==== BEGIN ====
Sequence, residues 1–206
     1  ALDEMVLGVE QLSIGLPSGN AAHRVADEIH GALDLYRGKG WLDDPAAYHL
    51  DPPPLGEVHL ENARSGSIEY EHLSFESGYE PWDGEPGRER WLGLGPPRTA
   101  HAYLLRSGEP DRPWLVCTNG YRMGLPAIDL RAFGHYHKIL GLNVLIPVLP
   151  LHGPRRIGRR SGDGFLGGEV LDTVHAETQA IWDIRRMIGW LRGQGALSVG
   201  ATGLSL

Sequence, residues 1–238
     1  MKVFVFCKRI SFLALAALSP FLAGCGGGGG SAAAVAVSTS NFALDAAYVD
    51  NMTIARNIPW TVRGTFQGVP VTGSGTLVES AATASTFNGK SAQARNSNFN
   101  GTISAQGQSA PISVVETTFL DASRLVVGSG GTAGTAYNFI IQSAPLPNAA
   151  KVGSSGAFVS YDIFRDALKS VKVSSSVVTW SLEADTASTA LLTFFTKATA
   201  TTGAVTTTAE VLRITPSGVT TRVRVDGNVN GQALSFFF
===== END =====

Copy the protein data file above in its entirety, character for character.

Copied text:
Sequence, residues 1–206
     1  ALDEMVLGVE QLSIGLPSGN AAHRVADEIH GALDLYRGKG WLDDPAAYHL
    51  DPPPLGEVHL ENARSGSIEY EHLSFESGYE PWDGEPGRER WLGLGPPRTA
   101  HAYLLRSGEP DRPWLVCTNG YRMGLPAIDL RAFGHYHKIL GLNVLIPVLP
   151  LHGPRRIGRR SGDGFLGGEV LDTVHAETQA IWDIRRMIGW LRGQGALSVG
   201  ATGLSL

Sequence, residues 1–238
     1  MKVFVFCKRI SFLALAALSP FLAGCGGGGG SAAAVAVSTS NFALDAAYVD
    51  NMTIARNIPW TVRGTFQGVP VTGSGTLVES AATASTFNGK SAQARNSNFN
   101  GTISAQGQSA PISVVETTFL DASRLVVGSG GTAGTAYNFI IQSAPLPNAA
   151  KVGSSGAFVS YDIFRDALKS VKVSSSVVTW SLEADTASTA LLTFFTKATA
   201  TTGAVTTTAE VLRITPSGVT TRVRVDGNVN GQALSFFF